It all starts in 2011
It started with the Evoque, which was unveiled in 2011. This was followed in 2017 by the Velar and then in 2018 came the new Defender. The final two chapters in Land Rover’s new trajectory was the launch of the new generation Range Rovers last year and then, in spring 2022, the Range Rover Sport.
Land Rover and the ability to explore new roads
That dynamism was fuelled by research work in which design played a pivotal role. But it could never have been any other way. Design is part of the marque’s DNA and always has been.
Land Rover’s models elevated the driving experience from tarmac to off-road. That same approach allowed the British brand to break new ground once again, creating a new style that embraces a modernist vision of design.
Massimo Frascella and his vision
The good news is that this new school of thought also speaks Italian as Jaguar Land Rover’s Head of Design is none other than Massimo Frascella.
What is the thread that connects the models the marque has presented since 2011, on a design and conceptual level?
In Land Rover, we refer to it as the emotional connection: creating products that can create an emotional connection. It all began with the Evoque. Before that, the main school of thought leveraged the idea of cars that could go anywhere.
Now that approach has changed and the purchase process is based on people’s desire to own a Land Rover or a Range Rover rather than its use. So, the purely functional aspect is now flanked by a formal one connected to emotional design that makes things desirable.
Until just a short while ago, cars like the Defender communicated a sense of adventure in remote, wild locations. Are we witnessing a paradigm shift now?
Certainly. You only have to look at the latest Defender or the new generation Range Rover. They created a connection and sparked a kind of dialogue with the architecture of metropolises like London, Paris, New York. In other words, they are no longer seen as alien objects but are perfectly integrated with the urban architectural setting.
How much has design helped change that perception? With Land Rover the theme centres around modern luxury. What does that mean exactly?
Our vision follows the philosophy of a kind of modernism based formal purity. We work hard to eliminate the superfluous without changing the identity and recognisability of the product, which is unaffected by the passing of time. We are very far removed from fashions and from anything ostentatious. The concept of luxury in our particular case rejects stereotypes and instead involves giving our clients a unique experience.
Today, cars are increasingly lived in. So do they have to be able to communicate the message we get from looking at their exterior lines?
Absolutely. Every car, particularly at the high end of the market, has to be imagined in its entirety without making any distinctions between interior and exterior. That is a fundamental part of our research work. There has to be a dialogue between materials, lines and colours to offer what I would call a holistic experience.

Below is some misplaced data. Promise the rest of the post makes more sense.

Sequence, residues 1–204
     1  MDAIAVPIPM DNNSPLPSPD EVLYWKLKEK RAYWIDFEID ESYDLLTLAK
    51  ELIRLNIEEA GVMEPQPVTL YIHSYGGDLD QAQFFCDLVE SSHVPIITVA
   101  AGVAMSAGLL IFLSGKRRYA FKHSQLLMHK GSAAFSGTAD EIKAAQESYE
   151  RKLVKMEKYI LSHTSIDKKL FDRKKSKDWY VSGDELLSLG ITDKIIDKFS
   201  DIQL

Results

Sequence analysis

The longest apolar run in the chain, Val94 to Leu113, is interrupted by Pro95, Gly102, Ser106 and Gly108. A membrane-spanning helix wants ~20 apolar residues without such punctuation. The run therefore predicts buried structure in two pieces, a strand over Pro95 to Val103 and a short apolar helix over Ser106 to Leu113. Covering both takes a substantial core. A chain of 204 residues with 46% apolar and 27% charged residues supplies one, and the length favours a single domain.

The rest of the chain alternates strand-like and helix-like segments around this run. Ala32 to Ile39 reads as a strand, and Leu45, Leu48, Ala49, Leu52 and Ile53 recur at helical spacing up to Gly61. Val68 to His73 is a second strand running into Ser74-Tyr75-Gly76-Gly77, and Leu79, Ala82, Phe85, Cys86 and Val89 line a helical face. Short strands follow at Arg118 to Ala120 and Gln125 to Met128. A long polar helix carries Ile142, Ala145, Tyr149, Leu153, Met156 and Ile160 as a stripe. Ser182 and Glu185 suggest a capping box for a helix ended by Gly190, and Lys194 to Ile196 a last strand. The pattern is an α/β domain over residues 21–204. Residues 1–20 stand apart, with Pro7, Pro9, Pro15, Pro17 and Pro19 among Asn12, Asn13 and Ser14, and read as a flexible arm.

How do you recognise the need for digital instruments, which are vital today, with the idea of elegant, refined cabin interiors?
Technology is a great advantage and definitely enriches the driving experience but it can also become a huge problem if you don’t deal with it properly. You only have to think of electrification which imposes specific proportions on cars, aerodynamics that actually shape them. So there is a real risk of everything starting to look the same. Here at Jaguar Land Rover we are taking an approach that means the technological element has to play a functional and service role, so then it is our job to decide which type of technology we opt for, to what extent and how it should be presented.
2022 will go down in history as the year the new generation Range Rover Sport was launched. What was the most successful side of the project?
Marrying Range Rover status and identity to a design and a sporty vocation. Once again, if we look at the new Range Rover we can see that it communicates a sense of lightness despite its size – it almost looks like it is floating. The Sport on the other hand is more muscular and almost seems to be chewing up the tarmac. But both of them are still Range Rovers.
Detail-wise, what are their signatures?
The Range Rover, for instance, has a headlights and a deeper grille. The Sport has a kind of stealth grille and the headlights are more subtle, all elements that combine to communicate a powerful feeling of dynamism. The flanks are very different too. The Range Rover has an incredibly clean profile. The Sport has taut lines and is more sculpted and muscular.
What makes a product an icon? The Defender in the car sector and the Audemars Piquet Royal Oak in the watch sector, for example.
They have stood the test of time. They are the encapsulation of an extremely sophisticated idea of design but are also instantly understandable even many years after they were designed. The concept of simplicity they express goes beyond a sense of belonging to a particularly era, which means they are always modern.